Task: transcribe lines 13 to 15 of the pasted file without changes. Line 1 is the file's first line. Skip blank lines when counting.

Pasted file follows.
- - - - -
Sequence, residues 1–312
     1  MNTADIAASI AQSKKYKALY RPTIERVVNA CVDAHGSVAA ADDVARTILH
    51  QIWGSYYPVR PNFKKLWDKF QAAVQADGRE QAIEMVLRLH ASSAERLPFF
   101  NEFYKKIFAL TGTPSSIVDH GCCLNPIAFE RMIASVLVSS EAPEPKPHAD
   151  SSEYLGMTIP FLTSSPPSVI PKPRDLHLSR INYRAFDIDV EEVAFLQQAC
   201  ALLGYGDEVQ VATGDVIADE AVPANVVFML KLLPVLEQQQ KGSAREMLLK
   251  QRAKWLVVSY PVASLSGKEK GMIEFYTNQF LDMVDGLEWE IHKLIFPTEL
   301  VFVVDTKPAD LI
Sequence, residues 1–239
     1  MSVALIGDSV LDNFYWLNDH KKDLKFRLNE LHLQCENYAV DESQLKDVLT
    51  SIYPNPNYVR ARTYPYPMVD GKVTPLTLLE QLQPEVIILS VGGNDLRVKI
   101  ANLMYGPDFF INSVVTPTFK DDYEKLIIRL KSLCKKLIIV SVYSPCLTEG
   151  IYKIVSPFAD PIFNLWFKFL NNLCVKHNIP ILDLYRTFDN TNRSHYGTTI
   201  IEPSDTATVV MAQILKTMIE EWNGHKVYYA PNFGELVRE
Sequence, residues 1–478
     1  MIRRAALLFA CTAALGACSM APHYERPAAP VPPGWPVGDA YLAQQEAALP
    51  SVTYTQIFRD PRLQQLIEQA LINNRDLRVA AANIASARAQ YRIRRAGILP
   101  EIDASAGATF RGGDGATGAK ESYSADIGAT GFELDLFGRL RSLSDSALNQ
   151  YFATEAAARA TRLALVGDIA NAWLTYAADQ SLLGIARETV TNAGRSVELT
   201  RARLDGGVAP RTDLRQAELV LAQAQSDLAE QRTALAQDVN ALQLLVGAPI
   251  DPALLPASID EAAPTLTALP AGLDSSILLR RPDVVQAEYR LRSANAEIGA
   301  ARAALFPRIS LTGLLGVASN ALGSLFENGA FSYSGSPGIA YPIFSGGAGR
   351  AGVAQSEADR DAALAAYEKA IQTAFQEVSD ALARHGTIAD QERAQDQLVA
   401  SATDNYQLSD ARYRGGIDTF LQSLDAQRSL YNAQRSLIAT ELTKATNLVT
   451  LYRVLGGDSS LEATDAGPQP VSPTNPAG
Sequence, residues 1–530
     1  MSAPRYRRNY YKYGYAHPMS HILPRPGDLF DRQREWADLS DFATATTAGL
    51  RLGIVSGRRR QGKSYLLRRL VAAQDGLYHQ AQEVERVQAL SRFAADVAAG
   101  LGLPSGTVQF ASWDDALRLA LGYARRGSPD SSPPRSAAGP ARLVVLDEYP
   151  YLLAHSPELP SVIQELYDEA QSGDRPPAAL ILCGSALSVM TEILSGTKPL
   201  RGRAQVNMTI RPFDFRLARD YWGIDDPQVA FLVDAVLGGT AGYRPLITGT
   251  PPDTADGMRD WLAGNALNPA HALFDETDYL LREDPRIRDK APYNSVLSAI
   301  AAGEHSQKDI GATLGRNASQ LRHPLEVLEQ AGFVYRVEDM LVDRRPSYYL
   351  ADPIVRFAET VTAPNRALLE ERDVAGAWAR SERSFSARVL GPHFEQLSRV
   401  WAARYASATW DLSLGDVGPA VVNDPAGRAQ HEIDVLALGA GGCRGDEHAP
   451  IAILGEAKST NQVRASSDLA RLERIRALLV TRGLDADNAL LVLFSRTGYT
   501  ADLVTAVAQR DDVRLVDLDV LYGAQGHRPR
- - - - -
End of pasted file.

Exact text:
   151  IYKIVSPFAD PIFNLWFKFL NNLCVKHNIP ILDLYRTFDN TNRSHYGTTI
   201  IEPSDTATVV MAQILKTMIE EWNGHKVYYA PNFGELVRE
Sequence, residues 1–478